They were alone in a fight to survive. Maui residents had moments to make life-or-death choices

Aug 14, 2023, 11:41 AM

This Aug. 9, 2023 photo taken by his stepfather Mike Eilers and provided by Mike Cicchino shows Mik...

This Aug. 9, 2023 photo taken by his stepfather Mike Eilers and provided by Mike Cicchino shows Mike Cicchino, left, and his wife Andreza, right, hugs Mike's mother Susan Ramos as they were reunited at shelter in Maui, Hawaii. (Mike Cicchino via AP)

(Mike Cicchino via AP)

The smoke was starting to blot out the sun. Winds were howling, and heat bore down as flames licked the trees on the horizon. The power had been out all day, so Mike Cicchino thought he’d drive to the hardware store for a generator. He turned off his street, and in an instant, his Lahaina neighborhood seemed to spiral into a war zone.

“When I turned that corner, I see pandemonium,” he said. “I see people running and grabbing their babies and screaming and jumping in their cars.”

It was around 3:30 p.m. Tuesday when Cicchino and his neighbors began a desperate fight for their lives. They had just moments to make decisions that would determine whether they lived or died in a race against the flames — a harrowing, narrow window of time in one of the most horrifying and lethal natural disasters the country has seen in years.

There were no sirens, no one with bullhorns, no one to tell anyone what to do: They were on their own, with their families and neighbors, to choose whether to stay or to run, and where to run to — through smoke so thick it blinded them, flames closing in from every direction, cars exploding, toppled power lines and uprooted trees, fire whipping through the wind and raining down.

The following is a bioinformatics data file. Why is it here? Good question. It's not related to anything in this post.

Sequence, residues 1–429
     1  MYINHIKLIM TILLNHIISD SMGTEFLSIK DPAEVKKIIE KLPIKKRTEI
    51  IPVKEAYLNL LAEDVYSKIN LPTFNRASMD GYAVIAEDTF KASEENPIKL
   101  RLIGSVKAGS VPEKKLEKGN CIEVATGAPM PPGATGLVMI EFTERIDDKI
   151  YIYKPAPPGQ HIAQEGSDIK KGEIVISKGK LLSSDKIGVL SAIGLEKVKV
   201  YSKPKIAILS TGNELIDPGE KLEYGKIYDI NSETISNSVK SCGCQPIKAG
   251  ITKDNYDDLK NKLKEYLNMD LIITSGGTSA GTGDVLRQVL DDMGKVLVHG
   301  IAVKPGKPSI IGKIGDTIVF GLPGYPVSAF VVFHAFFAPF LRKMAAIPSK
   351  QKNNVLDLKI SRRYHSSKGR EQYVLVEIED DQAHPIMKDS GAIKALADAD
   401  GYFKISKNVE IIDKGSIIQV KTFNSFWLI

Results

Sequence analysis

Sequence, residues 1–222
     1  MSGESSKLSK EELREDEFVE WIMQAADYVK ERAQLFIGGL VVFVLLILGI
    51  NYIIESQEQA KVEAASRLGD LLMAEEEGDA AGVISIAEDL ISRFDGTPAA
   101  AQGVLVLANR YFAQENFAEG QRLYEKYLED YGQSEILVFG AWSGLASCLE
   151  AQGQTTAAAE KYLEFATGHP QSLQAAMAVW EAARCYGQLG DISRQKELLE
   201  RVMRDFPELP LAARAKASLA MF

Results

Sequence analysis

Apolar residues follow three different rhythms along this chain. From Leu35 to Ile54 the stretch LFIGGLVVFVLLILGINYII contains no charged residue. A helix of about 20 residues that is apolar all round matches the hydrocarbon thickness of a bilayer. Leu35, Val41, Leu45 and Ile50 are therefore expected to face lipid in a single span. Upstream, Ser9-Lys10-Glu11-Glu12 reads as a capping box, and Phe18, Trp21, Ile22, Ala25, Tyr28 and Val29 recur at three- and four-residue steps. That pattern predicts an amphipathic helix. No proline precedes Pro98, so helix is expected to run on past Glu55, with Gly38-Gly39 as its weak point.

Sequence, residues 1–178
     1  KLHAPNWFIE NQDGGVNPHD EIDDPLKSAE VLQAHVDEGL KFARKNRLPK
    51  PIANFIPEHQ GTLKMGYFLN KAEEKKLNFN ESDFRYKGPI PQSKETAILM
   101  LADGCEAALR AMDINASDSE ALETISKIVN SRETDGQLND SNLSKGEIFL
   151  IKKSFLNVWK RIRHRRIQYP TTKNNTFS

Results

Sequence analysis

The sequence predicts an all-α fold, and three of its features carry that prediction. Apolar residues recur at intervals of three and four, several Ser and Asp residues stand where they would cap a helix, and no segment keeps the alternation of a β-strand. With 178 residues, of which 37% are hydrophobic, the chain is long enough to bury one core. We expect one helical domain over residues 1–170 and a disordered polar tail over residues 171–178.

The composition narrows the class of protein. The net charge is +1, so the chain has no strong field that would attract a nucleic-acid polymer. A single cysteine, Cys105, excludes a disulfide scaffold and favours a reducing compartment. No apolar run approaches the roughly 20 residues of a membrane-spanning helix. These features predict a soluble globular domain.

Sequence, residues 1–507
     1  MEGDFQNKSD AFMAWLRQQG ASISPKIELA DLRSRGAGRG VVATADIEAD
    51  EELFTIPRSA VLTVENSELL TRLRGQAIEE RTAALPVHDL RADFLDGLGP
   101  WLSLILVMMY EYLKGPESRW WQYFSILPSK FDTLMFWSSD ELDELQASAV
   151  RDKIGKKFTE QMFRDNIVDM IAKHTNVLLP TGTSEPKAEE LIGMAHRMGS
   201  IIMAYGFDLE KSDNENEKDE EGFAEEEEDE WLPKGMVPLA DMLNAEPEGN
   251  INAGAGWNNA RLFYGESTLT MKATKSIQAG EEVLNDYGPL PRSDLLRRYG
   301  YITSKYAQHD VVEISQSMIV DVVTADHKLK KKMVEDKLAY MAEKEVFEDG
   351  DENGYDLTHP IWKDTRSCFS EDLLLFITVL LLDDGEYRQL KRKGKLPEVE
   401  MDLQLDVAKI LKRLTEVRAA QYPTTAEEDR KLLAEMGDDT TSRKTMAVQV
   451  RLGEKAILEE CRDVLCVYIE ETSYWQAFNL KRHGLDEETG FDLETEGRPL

Authorities confirmed that at least 96 people died — already the deadliest U.S. wildfire in more than 100 years — and they expect that number to rise.

Just 10 minutes before Cicchino made that turn away from his street, Maui fire officials had issued an ominous warning. The Lahaina brush fire had sparked that morning, but authorities reported it was contained. Now, officials said, erratic wind, challenging terrain and flying embers made it hard to predict the fire’s path and speed. It could be a mile away, Fire Assistant Chief Jeff Giesea said, “but in a minute or two, it can be at your house.”

Cicchino did a U-turn, ran into his house and told his wife they needed to leave: “We need to go! We need to get out of here now!”

They ran to the car with five dogs and called police, and a dispatcher said to follow the traffic. Access to the main highway — the only road leading in and out of Lahaina — was cut off by barricades set up by authorities. The roadblocks forced Cicchino and the line of cars onto Front Street.

A few blocks away, Kehau Kaauwai said the wind was so intense it tore the roof from her neighbor’s home. It felt like tornado after tornado was slicing down her street.

“It roared,” she said. “It sounded like an airplane landing on our street.”

Within moments, she said, the smoke that had been blocks away suddenly engulfed them. It darkened from gray to black, day seemed to turn to night.

Kaauwai couldn’t even see buildings anymore. Something was exploding; it sounded like fireworks. She ran inside. She couldn’t think — she just grabbed her dog and some clothes, never imagining she would not see her house or anything in it ever again.